Port Nessock Bay is now all that remains of the western end of a strait that in post-glacial times separated the main part of what is now the Rinns of Galloway from three smaller islands to its south.
The village was planned; it was created by Colonel Andrew MacDowall (Douall), the laird of Logan, in 1818. MacDowall erected a quay and bell tower designed by Thomas Telford, and a causewayed road leading to them. This causeway blocked the view to seaward of the existing houses on the Lower Road (Laigh Row), whose inhabitants MacDowall expected to move to a new Upper Road; in the event, they welcomed the shelter it provided from the brisk onshore winds, and preferred to stay put, though subsequently most of them added a second storey so recovering some of the sea view.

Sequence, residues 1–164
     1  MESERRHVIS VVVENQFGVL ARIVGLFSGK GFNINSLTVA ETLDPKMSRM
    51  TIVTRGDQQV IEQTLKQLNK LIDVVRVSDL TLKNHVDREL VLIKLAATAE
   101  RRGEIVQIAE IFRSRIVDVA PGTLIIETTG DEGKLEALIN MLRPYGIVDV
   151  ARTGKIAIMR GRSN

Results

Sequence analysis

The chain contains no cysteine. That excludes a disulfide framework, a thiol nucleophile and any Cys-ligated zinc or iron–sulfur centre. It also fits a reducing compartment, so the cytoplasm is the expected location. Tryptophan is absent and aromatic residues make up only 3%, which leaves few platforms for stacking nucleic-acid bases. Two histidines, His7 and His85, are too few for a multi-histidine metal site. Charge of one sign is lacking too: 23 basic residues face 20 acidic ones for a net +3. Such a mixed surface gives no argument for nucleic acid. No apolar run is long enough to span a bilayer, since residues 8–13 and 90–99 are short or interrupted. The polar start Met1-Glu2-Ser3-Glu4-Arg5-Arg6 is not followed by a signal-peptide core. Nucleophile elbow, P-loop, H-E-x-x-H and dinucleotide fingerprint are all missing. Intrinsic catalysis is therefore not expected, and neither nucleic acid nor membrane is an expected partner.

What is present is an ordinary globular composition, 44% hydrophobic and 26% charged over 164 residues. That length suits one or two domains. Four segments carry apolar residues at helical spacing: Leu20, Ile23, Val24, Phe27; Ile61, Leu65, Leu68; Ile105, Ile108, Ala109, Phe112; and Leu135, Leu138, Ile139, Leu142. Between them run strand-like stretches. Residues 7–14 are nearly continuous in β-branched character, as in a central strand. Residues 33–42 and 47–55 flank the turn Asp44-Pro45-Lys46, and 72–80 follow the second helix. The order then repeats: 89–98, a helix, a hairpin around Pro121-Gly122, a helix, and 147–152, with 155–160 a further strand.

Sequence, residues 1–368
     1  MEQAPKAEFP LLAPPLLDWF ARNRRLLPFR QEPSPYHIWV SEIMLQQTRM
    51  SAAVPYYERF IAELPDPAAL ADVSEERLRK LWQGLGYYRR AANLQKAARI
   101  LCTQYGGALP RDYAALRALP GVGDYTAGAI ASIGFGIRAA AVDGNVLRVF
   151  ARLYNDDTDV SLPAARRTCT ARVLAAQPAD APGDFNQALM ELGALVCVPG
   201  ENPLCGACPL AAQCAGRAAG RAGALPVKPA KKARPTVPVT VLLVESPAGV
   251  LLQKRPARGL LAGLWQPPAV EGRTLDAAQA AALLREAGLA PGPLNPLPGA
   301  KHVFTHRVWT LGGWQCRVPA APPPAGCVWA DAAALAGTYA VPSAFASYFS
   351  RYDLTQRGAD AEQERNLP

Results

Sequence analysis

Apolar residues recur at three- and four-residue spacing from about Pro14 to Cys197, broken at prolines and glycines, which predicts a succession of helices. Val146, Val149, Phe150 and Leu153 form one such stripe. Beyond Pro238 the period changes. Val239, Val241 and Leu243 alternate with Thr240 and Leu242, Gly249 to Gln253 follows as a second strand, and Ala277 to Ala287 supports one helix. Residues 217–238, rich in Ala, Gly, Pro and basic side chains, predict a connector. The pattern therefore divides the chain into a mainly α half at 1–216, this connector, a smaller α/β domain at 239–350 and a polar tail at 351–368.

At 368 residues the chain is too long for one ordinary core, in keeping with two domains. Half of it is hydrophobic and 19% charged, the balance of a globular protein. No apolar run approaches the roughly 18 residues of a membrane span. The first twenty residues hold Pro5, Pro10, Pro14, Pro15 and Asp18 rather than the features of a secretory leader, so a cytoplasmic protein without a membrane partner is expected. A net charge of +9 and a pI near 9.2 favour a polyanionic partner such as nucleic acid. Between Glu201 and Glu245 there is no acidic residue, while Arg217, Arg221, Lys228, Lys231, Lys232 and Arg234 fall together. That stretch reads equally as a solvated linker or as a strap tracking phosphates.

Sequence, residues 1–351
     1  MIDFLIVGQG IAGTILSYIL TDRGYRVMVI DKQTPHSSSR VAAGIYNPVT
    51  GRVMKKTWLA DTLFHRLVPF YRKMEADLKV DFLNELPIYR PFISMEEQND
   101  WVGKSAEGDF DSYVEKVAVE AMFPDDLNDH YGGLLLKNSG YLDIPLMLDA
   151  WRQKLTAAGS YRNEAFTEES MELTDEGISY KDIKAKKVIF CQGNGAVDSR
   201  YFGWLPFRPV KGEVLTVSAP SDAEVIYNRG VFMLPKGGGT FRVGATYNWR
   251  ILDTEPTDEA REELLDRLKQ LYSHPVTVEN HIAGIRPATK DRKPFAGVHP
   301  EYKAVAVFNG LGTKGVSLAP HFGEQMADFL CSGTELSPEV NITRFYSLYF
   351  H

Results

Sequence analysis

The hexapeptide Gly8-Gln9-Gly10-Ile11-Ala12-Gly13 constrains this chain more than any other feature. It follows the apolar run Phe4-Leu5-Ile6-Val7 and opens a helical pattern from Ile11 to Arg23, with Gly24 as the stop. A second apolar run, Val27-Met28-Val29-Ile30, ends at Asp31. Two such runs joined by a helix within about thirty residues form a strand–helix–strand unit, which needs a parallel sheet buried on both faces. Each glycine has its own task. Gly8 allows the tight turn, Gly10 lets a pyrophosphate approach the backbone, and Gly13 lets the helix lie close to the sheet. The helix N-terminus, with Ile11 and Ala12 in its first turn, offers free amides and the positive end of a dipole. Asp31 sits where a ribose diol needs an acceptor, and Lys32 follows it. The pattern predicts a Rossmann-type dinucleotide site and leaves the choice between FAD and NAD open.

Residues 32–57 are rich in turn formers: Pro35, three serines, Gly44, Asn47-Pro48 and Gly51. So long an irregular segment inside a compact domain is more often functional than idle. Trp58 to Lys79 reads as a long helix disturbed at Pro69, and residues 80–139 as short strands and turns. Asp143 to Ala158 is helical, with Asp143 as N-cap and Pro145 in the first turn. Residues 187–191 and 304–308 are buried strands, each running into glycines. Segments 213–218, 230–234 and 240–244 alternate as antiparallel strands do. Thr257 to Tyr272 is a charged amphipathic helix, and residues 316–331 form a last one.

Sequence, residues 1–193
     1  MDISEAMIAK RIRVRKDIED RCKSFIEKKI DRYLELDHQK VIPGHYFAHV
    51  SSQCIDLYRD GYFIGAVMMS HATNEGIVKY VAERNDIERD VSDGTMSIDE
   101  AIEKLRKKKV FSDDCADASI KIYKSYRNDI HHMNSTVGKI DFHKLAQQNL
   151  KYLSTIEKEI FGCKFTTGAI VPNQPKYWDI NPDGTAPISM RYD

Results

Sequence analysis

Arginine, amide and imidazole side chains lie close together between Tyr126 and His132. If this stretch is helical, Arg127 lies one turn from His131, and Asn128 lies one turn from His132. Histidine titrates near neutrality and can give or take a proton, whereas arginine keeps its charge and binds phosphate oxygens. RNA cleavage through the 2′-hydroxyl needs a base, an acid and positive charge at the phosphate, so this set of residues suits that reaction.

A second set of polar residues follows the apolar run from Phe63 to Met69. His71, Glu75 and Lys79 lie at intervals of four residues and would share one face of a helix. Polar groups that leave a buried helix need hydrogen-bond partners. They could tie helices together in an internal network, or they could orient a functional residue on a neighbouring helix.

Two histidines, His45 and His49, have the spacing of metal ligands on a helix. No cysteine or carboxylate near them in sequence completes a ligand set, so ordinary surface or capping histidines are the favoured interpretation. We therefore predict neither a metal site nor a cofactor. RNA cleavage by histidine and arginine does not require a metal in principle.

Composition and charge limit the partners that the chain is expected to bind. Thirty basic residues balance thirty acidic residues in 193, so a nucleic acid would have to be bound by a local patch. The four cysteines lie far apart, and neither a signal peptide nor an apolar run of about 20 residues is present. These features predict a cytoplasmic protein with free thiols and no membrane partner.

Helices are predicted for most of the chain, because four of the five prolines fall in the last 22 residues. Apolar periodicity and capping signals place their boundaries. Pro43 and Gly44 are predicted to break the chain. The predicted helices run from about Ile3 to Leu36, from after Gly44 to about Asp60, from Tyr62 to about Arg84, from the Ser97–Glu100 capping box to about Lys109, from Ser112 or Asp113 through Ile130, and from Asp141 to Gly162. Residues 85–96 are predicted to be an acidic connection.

Character and facilities
Facilities include a village hall which used to be the local Lifeboat Station. It is run by a local committee and completely self funding. In recent years it has been used for a range of social events such as weddings and to celebrate Hogmanay and St Andrew's Night. It is sometimes used for meetings of the Kirkmaiden Community Council. ... Read More